• Prevention is considered of primary importance through good management practices, instead of testing the treated water, where corrective actions have limited effects;
  • It is a systematic approach that manages water quality in the whole water cycle, from the water intake points to the consumers’ taps;
  • It is a method that provides transparency to the consumers and they can trust the water supply.
Risk-based approach uses tools such as HACCP (Hazard Analysis and Critical Control Points) and Water Safety Plans [28]. Such tools can indicate parts of the WDN highly vulnerable to certain risks.
Early warning systems are identified as important tools for water safety. The methods applied so far can identify potential hazards in water supply, but they do not do that on time. The late identification of any hazard can potentially have serious implications to the economic life and the human health. Early warning systems should include an integrated methodology using online monitoring tools, water quality modelling and optimization tools. Early warning systems can act as protection tools and prevent for potential contamination incidents.
Online monitoring cannot replace the traditional sampling and laboratory-based analytical techniques which are very crucial for water quality monitoring, but it can provide ex ante water quality assessment indicating potential water contamination. Online monitoring sensors have the ability to directly record the variation of certain water quality parameters without requiring collecting and preparing of water samples. This allows the recording of the variance of critical water quality parameters by providing continuous field data based on which the laboratory analytical data is also controlled. Alarm systems are used in advanced continuous monitoring systems [1]. Although research is advanced in online monitoring tools there are still some issues to be tackled. For example, monitoring tools are not very sensitive and do not have the ability to detect low concentration of micro-organisms and in any case they cannot replace traditional water sampling and analytical control methods. The proper functioning of such sensors depends on several causes such as biofilm formation, suspended solids, etc. and sometimes false alarms are caused.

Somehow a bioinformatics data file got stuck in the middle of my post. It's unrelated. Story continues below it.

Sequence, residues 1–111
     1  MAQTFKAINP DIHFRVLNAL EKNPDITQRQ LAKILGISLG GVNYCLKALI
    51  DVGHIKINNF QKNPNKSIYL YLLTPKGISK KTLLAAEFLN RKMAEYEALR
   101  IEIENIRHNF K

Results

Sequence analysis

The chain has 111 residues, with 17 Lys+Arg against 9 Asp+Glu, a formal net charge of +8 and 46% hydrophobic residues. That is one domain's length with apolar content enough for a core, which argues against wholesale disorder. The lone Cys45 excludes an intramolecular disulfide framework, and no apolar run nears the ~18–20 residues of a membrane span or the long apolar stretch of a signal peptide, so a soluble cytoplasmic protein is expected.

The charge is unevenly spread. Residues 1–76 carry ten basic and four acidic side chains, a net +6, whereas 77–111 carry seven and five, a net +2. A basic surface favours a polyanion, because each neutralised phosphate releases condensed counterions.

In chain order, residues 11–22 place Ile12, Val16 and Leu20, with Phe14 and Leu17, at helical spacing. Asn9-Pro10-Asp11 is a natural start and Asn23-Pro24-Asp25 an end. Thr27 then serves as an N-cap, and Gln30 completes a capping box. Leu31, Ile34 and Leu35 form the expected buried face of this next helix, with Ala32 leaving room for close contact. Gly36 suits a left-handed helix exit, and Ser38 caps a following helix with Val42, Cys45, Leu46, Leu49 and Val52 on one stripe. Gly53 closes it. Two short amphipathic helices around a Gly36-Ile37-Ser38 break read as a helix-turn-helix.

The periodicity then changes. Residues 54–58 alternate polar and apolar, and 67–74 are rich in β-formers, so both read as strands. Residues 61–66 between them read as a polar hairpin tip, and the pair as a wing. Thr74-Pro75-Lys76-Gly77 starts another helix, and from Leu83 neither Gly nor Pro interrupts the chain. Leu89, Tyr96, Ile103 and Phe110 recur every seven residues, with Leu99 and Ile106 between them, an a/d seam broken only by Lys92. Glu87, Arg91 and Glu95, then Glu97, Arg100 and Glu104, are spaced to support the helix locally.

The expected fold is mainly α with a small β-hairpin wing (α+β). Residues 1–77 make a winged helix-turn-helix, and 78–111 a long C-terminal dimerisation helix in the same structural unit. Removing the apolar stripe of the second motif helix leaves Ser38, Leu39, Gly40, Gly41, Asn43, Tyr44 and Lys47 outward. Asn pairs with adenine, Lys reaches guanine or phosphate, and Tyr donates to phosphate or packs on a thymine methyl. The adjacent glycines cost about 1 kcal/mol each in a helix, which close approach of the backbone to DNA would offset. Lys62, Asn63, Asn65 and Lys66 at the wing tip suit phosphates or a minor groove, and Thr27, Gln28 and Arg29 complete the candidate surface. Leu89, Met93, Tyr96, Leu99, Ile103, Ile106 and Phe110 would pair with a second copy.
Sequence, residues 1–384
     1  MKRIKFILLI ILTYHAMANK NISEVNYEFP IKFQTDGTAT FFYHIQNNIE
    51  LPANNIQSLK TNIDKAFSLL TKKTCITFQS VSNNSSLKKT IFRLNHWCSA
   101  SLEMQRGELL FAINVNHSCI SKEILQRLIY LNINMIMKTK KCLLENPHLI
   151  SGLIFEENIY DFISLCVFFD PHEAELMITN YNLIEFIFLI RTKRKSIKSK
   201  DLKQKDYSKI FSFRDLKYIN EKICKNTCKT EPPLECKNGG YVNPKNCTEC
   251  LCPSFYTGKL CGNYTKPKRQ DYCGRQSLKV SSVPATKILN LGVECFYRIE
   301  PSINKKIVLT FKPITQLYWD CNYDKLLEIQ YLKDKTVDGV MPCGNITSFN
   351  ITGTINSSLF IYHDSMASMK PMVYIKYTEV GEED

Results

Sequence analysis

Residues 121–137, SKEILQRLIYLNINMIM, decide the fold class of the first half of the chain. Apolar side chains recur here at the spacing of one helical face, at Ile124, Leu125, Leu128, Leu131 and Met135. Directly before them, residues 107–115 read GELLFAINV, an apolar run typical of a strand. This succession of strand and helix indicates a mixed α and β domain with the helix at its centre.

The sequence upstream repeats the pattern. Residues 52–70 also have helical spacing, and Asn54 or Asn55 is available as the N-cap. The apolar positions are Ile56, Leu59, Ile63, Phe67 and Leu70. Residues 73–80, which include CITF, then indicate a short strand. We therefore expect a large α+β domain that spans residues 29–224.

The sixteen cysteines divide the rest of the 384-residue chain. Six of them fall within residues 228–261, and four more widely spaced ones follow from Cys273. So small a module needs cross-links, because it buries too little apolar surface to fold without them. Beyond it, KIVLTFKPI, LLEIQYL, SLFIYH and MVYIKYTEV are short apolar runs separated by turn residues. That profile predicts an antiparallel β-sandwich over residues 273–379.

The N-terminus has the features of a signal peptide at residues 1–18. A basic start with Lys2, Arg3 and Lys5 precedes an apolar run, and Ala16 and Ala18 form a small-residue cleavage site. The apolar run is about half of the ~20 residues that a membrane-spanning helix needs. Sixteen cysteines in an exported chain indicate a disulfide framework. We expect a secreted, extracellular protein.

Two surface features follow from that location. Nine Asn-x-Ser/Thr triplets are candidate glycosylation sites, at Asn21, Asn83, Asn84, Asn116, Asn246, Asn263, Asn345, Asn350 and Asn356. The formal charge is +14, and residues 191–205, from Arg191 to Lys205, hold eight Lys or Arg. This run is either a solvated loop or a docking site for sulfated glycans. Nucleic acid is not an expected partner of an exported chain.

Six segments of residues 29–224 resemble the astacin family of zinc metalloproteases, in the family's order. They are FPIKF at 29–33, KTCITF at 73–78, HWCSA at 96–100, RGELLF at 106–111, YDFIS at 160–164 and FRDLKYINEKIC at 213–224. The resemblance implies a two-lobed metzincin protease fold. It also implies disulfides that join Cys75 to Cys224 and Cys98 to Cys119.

Modelling tools in cooperation with optimization tools (“simheuristics”) are able to provide robust solutions by checking the impacts of each optimization solution using mathematical modelling and simulation. The cooperation of these tools will be able to provide the optimal solutions for water sampling and also the optimal locations for disinfection boosters (inline) and their optimal disinfectact dose. The authors are currently working on the development of a model for the prediction of THM formation in Greek water utilities.


The research is elaborated within the framework of the invitation “Granting of scholarship for Post-Doctoral Research” of the University of Thessaly, which is being implemented by the University of Thessaly and was funded by the Stavros Niarchos Foundation.

Conflicts of Interest

The authors declare no conflict of interest.


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Table 1. Basic disinfection processes, their advantages and limitations (based on [4]).
Table 1. Basic disinfection processes, their advantages and limitations (based on [4]).
Disinfection ProcessAdvantagesLimitations
ChlorinationEffective disinfectant; residual in distributionBy-products formation; loss of residual when water age is increased
ChloraminationStable residual; less odour and taste issuesLess effective disinfectant; needs good process control to avoid taste and odour issues
Chlorine dioxideMore effective than chlorine at higher pH; less by-product issuesInorganic by-product formation
OzoneEffective disinfectantResidual inefficiency; difficult to process; expensive technology
UVInsignificant by-product implicationsLess effective than chlorine; no residual
Table 2. DBPs predictive models’ parameters (based on [7]).
Table 2. DBPs predictive models’ parameters (based on [7]).
Br-Bromide ionmg/L
Cl2Initial chlorine concentration
NVTOCNon-volatile organic carbonmg/L
TOCTotal organic carbonmg/L
DChlorine dosemg/L
tReaction timehours
UVUV absorbance at 254 nmcm−1
ΤΤHΜοInitial total THM concentration
CoResidual chlorine at the treatment plant after chlorinationmg/L
αParameter depending on location which chloroform is predicted
εRandom error
DOCDissolved organic carbonmg/L